Free Money in Finland: A Failure in the Making

In Finland, researchers have just offered preliminary results on their two-year experiment on universal basic income (UBI).

If you’re not familiar with UBI, it’s a radical economic idea that consists of sending citizens large cheques each month to cover basic expenses…and has no strings attached.

Prime Minister of New Zealand? You get a cheque.

Unemployed and living in your mother’s attic? You get the same amount.

Proponents suggest that this sort of strategy could alleviate most problems associated with poverty…and could eventually improve the standard of living for everyone. Folks could move in and out of jobs easily and focus their attention on things they like doing.

Well, in theory, at least…

The most obvious problem with the idea is incentives. What’s the point of working hard when your extra income just gets taken and disbursed to others?

And if you’re getting a nice cheque in the mail each month — enough to cover the basics — then what’s the rush in trying to find a job and be productive?

Finland’s experiment simply confirmed that concern.

After a year of giving a group of 2,000 unemployed Finns a monthly income of €560 per month, researchers found that participants weren’t any more productive or employed than they were at the beginning of the experiment.

On the other hand, they were slightly happier…at least during the time they were getting ‘free’ money.

From the Finnish Ministry of Social Affairs official report (Emphasis is mine):

Basic income recipients were no better or worse at finding employment than those in the control group during the first year of the experiment, and in this respect there are no statistically significant differences between the groups.

And on the flip side:

According to the analysis of the survey data, the wellbeing of the basic income recipients was clearly better than that of the control group. Those in the test group (basic income recipients) experienced significantly fewer problems related to health, stress and ability to concentrate than those in the control group. According to the results, those in the test group were also considerably more confident in their own future and their ability to influence societal issues than the control group. As regards generalised trust, i.e. trust in other people, there was a similar, but smaller, difference. Whereas there was only a small difference between the groups as regards trust in different institutions, such as the court system and the police, the basic income recipients trusted politicians considerably more than the control group did.

Ha! Who’s surprised that the folks getting ‘free’ money from the government trusted politicians more? Of course they did! They’re being bought, in a sense.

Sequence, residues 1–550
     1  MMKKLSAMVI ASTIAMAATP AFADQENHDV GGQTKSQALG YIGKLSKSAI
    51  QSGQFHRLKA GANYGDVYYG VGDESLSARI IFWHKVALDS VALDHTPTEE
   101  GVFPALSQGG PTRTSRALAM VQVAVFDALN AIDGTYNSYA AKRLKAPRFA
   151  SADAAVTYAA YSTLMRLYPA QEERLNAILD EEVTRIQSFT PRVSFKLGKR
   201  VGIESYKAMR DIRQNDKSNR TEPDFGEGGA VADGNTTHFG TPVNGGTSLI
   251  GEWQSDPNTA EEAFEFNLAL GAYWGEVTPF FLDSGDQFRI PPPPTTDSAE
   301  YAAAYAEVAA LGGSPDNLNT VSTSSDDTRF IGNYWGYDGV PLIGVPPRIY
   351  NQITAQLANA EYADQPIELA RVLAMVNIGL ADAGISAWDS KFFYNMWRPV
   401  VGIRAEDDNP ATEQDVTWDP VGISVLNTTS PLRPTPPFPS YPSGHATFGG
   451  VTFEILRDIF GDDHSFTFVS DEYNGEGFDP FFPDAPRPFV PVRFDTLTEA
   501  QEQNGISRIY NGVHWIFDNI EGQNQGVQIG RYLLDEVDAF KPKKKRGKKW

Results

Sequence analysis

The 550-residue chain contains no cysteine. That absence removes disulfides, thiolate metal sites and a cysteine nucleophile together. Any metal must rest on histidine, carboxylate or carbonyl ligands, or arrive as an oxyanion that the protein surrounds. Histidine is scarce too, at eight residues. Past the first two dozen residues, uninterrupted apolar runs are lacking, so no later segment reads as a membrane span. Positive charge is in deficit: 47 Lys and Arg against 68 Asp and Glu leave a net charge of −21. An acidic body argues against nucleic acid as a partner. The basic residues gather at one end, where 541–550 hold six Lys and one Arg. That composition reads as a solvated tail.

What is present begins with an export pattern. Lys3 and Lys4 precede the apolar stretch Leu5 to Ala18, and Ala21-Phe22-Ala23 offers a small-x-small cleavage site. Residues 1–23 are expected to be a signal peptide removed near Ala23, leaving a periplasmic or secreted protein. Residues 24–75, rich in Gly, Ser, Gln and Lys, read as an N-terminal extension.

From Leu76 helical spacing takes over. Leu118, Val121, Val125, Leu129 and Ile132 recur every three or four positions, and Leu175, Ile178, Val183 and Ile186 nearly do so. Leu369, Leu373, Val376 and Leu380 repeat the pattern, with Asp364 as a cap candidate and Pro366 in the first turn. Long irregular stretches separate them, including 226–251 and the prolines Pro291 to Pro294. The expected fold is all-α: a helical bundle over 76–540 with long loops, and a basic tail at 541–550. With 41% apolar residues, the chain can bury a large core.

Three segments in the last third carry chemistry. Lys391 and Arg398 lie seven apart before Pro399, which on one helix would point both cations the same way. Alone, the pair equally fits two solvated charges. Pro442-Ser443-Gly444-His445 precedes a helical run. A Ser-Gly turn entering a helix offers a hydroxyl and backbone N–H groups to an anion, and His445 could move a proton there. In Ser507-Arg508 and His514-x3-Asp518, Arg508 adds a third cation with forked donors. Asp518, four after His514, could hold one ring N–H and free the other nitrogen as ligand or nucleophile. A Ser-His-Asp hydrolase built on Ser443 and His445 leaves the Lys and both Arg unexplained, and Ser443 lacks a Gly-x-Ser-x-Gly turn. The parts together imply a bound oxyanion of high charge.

And, sure, with a nice wad of cash in their pocket, they feel more confident…and have less stress. Anyone who’s ever had to work for a living could have told you as much.

To summarise the results — people who got ‘free’ money were a tad happier, but not more productive.

Thus the question becomes: ‘Should the goal of basic income be happiness or productivity/employment?’

The mainstream — who have recently backed this UBI idea full force — now claim that happiness should be the goal…and that this Finnish experiment is a success!

The outcome is not what Finland hoped it would be. But it’s arguably a success anyway.’

Vox

But in some advanced societies, more happiness also could be judged a desirable enough result to justify an increase in the tax burden.’

Bloomberg

The Finnish government’s project — too limited, halfhearted, ideologically skewed — can only yield inconclusive data. To do U.B.I. right, we need to think big and try harder.

New York Times

Think big and try harder?

To me, that’s a sugarcoated way of saying ‘more money and more time’…which is exactly what one of the experts leading the trial is calling for. The Guardian relays:

Two years is too short a period to be able to draw extensive conclusions from such a big experiment. We should have had extra time and more money to achieve reliable results.

Unfortunately, the Finnish government doesn’t see it the same way. Once this test concludes next January, it will be terminated.

Thank goodness.

We tried it, we gave it a go…and it didn’t work. Case closed.

Frankly, I’m tired of hearing about UBI. I’m tired of my economist peers and millennial friends pushing the idea…without understanding why it could never work. They’re more interested in getting paid to do nothing productive.

It’s a doomed theory because it fails to consider that incentives matter. In fact, it’s the central pillar to all of economics. When you remove incentives from the algebra, the foundation falls out…and you’re quickly left with a bunch of parasites and leeches sucking the rich dry.

You might get a bunch of dreamers following their hearts — weaving baskets, surfing waves, catching kingfish — but you won’t find your factory workers, your rubbish collectors, or your bus drivers.

For that, you need incentives.

Sorry, UBI fanboys — there’s still no such thing as a free lunch.

Best,

Taylor Kee
Editor, Money Morning New Zealand


Taylor Kee is the lead Editor at Money Morning NZ. With a background in the financial publishing industry, Taylor knows how simple, yet difficult investing can be. He has worked with a range of assets classes, and with some of the world’s most thought-provoking financial writers, including Bill Bonner, Dan Denning, Doug Casey, and more. But he’s found his niche in macroeconomics and the excitement of technology investments. And Taylor is looking forward to the opportunity to share his thoughts on where New Zealand’s economy is going next and the opportunities it presents. Taylor shares these ideas with Money Morning NZ readers each day.


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